Commentary

EV’s awful, embedded environmental costs

EVs charging at UVM – Stephen Mease/UnSplash photo

by Kathi Tarrant

I oppose H552, the Legislature’s aggressive push to subsidize and market electronic vehicles (EV). 

Tesla said it best in referring to batteries as an Energy Storage System. They do NOT make electricity – they store electricity produced elsewhere, primarily by coal, uranium, natural gas-powered plants, or diesel-fueled generators. So, to say an electric vehicle (EV) is a zero-emission vehicle…not. Also, since forty percent of the electricity generated in the U.S. is from coal-fired plants, it follows that forty percent of the EVs on the road are in fact coal-powered…let that sink in.

Kathi Tarrant

Einstein’s formula, E=MC2, tells us it takes the same amount of energy to move a five-thousand-pound gasoline-driven automobile a mile as it does an electric one. The only question again is what produces the power? To reiterate, it does not come from the battery; the battery is only the storage device, like a gas tank in a car.

There are two orders of batteries, rechargeable, and single use. The most common single use batteries are A, AA, AAA, C, D. 9V, and lantern types. Those dry-cell species use zinc, manganese, lithium, silver oxide, or zinc and carbon to store electricity chemically. Please note they all contain toxic, heavy metals. Rechargeable batteries only differ in their internal materials, usually lithium-ion, nickel-metal oxide, and nickel-cadmium. The United States uses three billion of these two battery types a year, and most are not recycled; they end up in landfills. If you throw your small, used batteries in the trash, they will continue to leak like the ooze in a ruined flashlight. All batteries eventually rupture; it just takes rechargeable batteries longer to end up in the landfill.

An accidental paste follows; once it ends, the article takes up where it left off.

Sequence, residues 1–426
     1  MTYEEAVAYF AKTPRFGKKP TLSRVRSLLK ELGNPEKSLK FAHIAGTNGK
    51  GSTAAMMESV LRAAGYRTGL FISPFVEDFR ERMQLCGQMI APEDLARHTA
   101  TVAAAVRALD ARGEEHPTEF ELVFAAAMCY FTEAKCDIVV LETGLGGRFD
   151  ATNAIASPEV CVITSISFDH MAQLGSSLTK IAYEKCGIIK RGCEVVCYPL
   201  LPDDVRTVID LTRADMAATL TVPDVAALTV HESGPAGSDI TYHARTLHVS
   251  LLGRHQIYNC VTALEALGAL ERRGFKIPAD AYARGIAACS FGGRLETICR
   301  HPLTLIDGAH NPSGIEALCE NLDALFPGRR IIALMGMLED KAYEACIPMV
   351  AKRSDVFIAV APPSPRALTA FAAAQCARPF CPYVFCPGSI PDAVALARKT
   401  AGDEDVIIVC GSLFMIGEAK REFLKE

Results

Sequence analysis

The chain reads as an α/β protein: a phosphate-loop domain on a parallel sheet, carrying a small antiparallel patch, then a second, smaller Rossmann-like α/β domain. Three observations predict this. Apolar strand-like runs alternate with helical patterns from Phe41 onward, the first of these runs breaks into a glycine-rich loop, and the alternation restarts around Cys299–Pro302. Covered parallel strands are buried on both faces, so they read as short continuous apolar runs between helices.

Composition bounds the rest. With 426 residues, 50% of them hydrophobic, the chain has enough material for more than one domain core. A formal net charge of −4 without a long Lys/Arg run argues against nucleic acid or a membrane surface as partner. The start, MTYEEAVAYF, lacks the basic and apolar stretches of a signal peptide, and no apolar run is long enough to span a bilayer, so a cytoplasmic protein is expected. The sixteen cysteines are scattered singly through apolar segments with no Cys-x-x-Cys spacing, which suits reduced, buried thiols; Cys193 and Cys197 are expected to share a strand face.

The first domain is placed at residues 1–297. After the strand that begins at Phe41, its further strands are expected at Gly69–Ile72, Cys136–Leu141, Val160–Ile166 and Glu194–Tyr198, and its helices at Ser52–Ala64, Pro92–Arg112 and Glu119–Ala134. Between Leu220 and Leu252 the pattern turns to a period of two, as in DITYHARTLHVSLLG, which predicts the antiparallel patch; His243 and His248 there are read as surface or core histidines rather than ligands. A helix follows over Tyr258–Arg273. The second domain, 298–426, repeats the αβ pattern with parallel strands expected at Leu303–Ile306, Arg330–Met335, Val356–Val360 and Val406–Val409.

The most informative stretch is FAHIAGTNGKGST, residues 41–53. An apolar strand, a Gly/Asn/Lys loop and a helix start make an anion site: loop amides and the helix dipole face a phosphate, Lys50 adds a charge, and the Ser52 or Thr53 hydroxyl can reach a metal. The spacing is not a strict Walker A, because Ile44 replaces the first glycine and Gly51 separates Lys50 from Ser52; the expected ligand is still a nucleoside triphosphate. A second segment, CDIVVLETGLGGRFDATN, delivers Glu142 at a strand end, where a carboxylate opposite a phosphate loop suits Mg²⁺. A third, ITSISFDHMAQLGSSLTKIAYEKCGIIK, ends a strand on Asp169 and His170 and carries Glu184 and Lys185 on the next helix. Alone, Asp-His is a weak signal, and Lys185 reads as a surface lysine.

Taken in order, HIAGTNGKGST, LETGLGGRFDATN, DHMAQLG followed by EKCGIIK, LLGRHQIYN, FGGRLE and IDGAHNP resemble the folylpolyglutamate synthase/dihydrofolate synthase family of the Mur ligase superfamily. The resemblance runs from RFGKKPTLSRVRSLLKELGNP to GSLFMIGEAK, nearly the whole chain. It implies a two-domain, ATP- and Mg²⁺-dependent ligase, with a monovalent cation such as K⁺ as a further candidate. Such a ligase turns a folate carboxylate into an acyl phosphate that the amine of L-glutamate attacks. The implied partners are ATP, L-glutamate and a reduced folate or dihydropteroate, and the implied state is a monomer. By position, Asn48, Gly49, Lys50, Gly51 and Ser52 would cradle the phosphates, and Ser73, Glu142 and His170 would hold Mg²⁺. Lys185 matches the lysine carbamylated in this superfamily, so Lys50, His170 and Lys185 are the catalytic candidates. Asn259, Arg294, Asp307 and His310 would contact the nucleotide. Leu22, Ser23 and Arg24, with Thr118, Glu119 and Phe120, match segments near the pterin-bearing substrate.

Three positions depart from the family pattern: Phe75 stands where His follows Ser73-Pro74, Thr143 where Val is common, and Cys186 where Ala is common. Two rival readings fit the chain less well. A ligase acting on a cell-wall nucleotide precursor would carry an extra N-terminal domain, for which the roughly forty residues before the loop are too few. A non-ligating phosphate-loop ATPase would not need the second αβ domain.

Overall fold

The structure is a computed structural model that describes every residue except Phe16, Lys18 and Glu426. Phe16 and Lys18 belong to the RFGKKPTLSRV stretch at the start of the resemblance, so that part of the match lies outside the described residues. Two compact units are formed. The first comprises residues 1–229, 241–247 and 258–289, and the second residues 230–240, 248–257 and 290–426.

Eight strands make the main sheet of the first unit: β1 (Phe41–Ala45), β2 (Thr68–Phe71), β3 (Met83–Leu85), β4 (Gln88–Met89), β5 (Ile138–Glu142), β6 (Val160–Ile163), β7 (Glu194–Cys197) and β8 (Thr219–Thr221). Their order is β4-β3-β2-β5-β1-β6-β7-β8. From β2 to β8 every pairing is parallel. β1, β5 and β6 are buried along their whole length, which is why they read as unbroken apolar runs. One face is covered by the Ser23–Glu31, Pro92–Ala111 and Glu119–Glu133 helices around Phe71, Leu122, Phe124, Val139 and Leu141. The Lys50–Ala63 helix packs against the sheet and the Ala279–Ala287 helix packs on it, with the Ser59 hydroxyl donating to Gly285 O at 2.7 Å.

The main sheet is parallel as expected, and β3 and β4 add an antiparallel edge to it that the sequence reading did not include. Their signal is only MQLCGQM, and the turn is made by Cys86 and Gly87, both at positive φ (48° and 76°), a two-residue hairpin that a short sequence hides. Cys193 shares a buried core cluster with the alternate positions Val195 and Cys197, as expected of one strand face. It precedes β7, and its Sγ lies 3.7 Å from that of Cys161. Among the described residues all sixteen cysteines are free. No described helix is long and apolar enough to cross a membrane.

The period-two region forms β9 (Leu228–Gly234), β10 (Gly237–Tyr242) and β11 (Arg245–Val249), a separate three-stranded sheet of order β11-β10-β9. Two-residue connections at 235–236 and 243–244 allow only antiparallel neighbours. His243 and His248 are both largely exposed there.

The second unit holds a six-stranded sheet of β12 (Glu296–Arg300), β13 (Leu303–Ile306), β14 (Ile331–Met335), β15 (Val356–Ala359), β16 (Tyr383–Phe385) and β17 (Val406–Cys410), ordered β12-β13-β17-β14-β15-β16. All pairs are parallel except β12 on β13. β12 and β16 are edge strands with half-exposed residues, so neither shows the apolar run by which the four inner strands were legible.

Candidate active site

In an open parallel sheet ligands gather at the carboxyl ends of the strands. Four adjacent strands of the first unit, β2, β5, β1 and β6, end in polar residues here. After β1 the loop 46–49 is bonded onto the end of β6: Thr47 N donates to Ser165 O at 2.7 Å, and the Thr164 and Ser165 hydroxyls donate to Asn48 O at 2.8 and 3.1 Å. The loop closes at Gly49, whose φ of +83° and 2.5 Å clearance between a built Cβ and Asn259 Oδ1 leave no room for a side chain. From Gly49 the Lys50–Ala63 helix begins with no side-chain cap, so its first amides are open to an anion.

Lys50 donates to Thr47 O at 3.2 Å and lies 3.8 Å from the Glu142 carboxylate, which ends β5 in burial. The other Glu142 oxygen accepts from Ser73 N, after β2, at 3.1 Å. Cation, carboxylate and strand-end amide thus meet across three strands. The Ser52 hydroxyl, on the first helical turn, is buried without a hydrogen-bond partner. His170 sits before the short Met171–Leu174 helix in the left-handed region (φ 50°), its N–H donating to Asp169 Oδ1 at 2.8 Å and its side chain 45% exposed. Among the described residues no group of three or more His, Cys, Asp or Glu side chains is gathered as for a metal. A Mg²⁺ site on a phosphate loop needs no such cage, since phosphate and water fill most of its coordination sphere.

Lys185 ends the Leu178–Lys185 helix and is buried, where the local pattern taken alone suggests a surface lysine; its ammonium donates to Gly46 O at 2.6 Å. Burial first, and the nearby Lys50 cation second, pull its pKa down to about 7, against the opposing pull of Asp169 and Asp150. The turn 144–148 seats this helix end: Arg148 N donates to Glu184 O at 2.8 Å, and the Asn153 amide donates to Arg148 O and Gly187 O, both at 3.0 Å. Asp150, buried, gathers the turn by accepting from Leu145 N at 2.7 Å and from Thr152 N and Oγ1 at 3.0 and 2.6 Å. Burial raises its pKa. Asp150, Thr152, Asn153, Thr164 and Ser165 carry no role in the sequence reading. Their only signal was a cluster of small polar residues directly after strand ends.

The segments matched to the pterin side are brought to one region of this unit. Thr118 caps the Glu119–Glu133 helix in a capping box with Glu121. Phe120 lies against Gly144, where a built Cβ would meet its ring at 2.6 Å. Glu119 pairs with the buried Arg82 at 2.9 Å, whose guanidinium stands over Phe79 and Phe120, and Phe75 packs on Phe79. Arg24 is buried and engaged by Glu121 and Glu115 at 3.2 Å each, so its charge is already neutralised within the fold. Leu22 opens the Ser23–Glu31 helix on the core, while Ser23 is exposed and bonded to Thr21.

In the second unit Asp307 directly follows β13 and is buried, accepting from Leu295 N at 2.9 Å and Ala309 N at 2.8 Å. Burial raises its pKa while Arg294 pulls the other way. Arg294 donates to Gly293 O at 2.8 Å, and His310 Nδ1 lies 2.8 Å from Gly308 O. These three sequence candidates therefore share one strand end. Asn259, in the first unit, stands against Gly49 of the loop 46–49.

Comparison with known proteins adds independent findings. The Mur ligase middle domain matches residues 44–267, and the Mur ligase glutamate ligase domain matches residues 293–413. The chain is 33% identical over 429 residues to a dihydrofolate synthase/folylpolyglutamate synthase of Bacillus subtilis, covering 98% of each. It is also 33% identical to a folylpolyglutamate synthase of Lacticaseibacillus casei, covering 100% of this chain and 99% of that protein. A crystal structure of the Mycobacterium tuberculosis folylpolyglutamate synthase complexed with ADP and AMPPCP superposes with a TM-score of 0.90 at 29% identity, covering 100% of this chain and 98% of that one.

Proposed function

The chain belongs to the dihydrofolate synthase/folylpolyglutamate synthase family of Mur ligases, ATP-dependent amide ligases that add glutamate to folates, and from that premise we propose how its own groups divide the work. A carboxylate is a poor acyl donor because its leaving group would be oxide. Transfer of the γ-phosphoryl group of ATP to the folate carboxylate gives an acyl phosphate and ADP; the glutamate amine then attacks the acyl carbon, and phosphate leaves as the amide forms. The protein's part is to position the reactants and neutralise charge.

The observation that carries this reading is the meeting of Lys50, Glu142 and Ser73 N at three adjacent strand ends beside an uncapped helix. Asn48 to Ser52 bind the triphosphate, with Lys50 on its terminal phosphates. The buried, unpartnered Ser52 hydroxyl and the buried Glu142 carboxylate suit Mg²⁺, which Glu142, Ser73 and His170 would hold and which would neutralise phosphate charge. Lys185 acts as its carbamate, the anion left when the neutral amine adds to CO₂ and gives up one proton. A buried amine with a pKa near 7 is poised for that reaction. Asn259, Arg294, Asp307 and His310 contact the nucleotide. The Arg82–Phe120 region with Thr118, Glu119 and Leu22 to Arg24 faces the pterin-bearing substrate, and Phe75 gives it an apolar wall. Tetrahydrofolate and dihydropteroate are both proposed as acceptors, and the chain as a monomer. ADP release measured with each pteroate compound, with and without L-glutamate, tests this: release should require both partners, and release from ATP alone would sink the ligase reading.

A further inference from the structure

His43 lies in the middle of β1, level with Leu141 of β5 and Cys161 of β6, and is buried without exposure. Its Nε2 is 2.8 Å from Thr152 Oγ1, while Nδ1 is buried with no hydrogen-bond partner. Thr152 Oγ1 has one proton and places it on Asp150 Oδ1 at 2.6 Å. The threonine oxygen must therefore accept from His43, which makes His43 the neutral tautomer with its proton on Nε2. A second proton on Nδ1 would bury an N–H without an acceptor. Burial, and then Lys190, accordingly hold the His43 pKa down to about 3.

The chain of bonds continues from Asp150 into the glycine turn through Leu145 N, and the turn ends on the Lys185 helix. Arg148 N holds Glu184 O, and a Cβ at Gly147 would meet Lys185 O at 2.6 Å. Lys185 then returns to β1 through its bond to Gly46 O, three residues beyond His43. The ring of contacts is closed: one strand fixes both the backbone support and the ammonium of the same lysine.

In addition to dry cell batteries, there are also wet cell ones used in automobiles, boats, and motorcycles. The good thing about these is that ninety percent of them are recycled. Unfortunately, we do not yet know how to recycle single-use ones properly.

But that is not the half of it. For those excited about EV, a closer look at batteries along with windmills and solar panels is highly recommended. These three technologies share environmentally destructive embedded costs.

Everything manufactured has two costs associated with it: embedded costs and operating costs. Embedded costs are those that happen before point of sale such as fuel costs, equipment, labor, transportation, etc. For example, a typical EV battery weighs one thousand pounds, about the size of a travel trunk. It contains twenty-five pounds of lithium, sixty pounds of nickel, 44 pounds of manganese, 30 pounds cobalt, 200 pounds of copper, and 400 pounds of aluminum, steel, and plastic. 

Inside are over 6,000 individual lithium-ion cells. This should concern you. All those toxic components come from mining. For instance, to manufacture each EV auto battery, you must process 25,000 pounds of brine for the lithium, 30,000 pounds of ore for the cobalt, 5,000 pounds of ore for the nickel, and 25,000 pounds of ore for copper. 

All told, it would take 500,000 pounds of the earth’s crust for just one battery. Sixty-eight percent of the world’s cobalt, a significant part of a battery, comes from the Congo. Their mines have no pollution controls, and they employ children who die from handling this toxic material.

Despite the fact California is the only state which requires batteries be recycled, they are building the largest battery in the world near San Francisco which they intend to power from solar panels and windmills. This construction project is creating an environmental disaster. 

The main problem with solar arrays is the chemicals needed to process silicate into the silicon used in the panels. To make pure enough silicon requires processing it with hydrochloric acid, sulfuric acid, nitric acid, hydrogen fluoride, trichloroethane, and acetone. In addition, they also need gallium, arsenide, copper-indium-gallium-diselenide, and cadmium-telluride which are highly toxic. Also, silicone dust is a hazard to the workers, and the panels cannot be recycled.

Windmills are the ultimate in embedded costs and environmental destruction. Each weigh 1688 tons (the equivalent of 23 houses) and contains 1300 tons of concrete, 295 tons of steel, 48 tons of iron, 24 tons of fiberglass, and the hard to extract rare earths neodymium, praseodymium, and dysprosium. Each blade weighs 81,000 pounds and will last only 15 to 20 years. The used blades cannot be recycled. And sadly, both solar arrays and windmills kill birds, bats, sea life, and migratory insects.

There may be a place for these technologies, but looking beyond the myth of zero emissions, it is predicted EVs, solar panels and windmills will be abandoned once the embedded environmental costs of making and replacing them become more apparent. 

Say NO to Bill H552. 

Kathi Tarrant is a pro musician and music instructor based out of Waterbury

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10 replies »